GEOPHYSICAL RESEARCH LETTERS, VOL. 37, L15704, 5 PP., 2010
As changes in the pH are becoming apparent from ocean acidification, it is important for scientists, and the public, to understand how these numbers will drop over the coming decades. Using a simple ocean carbon cycle model (SCM), Bernie and his team examine how pH levels will fall by 2100. The SCM in the study incorporates terrestrial carbon cycle models, climate models, and characteristics of the ocean, such as alkalinity, and nitrate availability. Bernie then examines different mitigation scenarios, looking at when the mitigation efforts begin and how strong the efforts are. Bernie and colleagues find that with current rates, pH levels would decrease to between values of 7.67 and 7.81 by 2100, however an aggressive mitigation approach starting by the year 2016 would only cause a decrease to 8.02. These results are significant as they tell scientists and the public that mitigation efforts will prove effective compared to not taking any action against ocean acidification.
The Comparative Politics of Carbon Taxation 10.1146/annurev.lawsocsci.093008.131545 (2010)
Kathryn Harrison, a professor of political science at the University of British Columbia, believes carbon taxes offer significant advantages compared to a cap-and-trade system to reduce carbon dioxide emissions. She looked at the experience of Finland, Denmark, Germany and Canada to determine the conditions where carbon taxes are politically practical. In her opinion, carbon taxes’ advantages include transparency, predictability of costs, ease of implementation, and application to small and large sources. The price certainty of carbon taxes can encourage business investment to develop and adopt low carbon technologies. Recycled revenue carbon taxes are the most economically efficient. Revenues can be used to reduce payroll or income taxes that usually discourage productivity. The carbon tax is more effective than just an energy tax because the level of taxes depends on the amount of carbon in the fuel whereas an energy tax taxes all fuels at the same rate. Overall, Kathryn Harrison thinks the carbon tax is more beneficial to the goal of reducing carbon emissions, but only if it is applied to all types of fossil fuels without exemptions.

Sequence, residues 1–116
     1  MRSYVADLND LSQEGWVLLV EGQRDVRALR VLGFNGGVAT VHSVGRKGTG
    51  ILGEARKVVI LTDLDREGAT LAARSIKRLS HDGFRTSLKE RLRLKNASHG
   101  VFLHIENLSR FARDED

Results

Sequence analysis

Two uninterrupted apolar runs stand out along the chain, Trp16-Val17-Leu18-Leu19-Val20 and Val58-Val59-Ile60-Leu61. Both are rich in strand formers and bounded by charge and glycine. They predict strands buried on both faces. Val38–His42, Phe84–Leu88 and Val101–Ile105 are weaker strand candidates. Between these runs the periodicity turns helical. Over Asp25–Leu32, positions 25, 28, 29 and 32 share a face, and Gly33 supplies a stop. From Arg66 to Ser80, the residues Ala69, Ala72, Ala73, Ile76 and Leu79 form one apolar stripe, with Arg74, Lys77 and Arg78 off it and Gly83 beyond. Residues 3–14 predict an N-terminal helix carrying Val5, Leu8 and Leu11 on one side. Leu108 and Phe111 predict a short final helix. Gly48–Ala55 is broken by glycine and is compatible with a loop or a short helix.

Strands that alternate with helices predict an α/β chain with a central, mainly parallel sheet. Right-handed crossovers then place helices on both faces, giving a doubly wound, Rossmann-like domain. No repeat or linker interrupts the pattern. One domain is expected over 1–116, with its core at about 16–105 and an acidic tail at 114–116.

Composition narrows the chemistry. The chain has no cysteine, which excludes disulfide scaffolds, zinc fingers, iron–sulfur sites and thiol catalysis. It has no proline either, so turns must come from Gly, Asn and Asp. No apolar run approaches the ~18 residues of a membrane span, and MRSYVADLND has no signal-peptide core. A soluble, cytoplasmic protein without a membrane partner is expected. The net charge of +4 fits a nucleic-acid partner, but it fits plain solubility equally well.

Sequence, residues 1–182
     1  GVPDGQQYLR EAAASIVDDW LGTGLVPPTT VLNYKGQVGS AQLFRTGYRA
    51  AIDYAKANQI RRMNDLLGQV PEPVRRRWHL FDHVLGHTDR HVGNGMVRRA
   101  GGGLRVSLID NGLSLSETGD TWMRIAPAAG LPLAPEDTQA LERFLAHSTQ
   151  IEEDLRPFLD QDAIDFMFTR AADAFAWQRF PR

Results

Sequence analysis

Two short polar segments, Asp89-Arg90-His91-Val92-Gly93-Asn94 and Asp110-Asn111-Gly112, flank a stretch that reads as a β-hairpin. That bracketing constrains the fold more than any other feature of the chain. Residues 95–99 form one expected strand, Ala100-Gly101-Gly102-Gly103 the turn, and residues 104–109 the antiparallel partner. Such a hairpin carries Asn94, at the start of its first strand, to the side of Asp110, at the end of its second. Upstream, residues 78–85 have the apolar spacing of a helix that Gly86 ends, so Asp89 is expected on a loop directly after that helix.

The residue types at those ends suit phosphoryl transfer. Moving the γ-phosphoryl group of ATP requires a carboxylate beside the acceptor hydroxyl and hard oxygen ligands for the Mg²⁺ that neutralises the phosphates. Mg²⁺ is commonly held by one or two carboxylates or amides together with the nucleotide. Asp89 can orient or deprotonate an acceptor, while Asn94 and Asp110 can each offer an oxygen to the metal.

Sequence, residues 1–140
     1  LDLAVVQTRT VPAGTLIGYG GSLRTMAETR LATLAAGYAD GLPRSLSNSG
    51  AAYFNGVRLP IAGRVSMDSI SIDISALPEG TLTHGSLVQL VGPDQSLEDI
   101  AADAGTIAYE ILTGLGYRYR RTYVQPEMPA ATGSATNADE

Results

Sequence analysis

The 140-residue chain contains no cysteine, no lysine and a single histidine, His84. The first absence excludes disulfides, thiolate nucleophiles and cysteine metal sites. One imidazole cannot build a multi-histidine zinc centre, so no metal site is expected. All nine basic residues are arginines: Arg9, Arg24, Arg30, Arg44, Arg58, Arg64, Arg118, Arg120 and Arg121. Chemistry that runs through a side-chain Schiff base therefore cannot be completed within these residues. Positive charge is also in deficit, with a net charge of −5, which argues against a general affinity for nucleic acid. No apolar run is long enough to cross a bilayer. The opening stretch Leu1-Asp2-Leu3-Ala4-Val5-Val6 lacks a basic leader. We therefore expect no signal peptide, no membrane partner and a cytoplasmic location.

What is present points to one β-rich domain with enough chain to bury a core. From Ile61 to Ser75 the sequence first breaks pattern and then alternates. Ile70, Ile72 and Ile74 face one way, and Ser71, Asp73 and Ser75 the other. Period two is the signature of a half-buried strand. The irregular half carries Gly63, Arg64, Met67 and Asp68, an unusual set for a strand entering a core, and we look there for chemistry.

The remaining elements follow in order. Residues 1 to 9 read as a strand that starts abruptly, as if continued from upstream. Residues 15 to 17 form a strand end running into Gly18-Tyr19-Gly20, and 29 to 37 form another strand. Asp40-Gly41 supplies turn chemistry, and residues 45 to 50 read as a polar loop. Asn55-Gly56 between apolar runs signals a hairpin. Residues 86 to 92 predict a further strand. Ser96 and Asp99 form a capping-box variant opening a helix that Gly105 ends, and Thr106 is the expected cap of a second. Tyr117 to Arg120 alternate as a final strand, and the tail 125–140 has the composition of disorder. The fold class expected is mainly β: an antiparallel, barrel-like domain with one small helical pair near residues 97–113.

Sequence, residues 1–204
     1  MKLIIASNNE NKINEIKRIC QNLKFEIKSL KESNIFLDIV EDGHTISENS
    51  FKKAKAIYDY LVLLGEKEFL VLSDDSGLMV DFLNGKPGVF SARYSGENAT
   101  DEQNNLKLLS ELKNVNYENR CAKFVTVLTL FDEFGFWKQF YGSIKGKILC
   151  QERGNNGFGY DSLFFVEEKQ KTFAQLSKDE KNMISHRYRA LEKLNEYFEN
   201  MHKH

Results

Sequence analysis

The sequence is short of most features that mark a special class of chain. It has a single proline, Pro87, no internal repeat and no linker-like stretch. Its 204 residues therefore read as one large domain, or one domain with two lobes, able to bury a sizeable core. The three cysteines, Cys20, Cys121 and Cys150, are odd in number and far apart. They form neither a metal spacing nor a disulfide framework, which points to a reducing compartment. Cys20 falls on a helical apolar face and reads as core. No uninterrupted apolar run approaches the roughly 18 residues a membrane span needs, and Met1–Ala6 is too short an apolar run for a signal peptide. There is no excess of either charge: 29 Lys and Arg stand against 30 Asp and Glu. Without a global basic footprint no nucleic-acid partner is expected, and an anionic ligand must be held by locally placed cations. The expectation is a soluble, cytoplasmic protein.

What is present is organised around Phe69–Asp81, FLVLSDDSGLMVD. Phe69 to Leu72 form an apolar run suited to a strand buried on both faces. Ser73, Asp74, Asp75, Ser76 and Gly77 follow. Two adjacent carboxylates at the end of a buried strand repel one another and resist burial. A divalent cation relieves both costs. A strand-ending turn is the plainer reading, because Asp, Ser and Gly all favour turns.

Global Change Biology Volume 17, pages 2980-2986 (2011)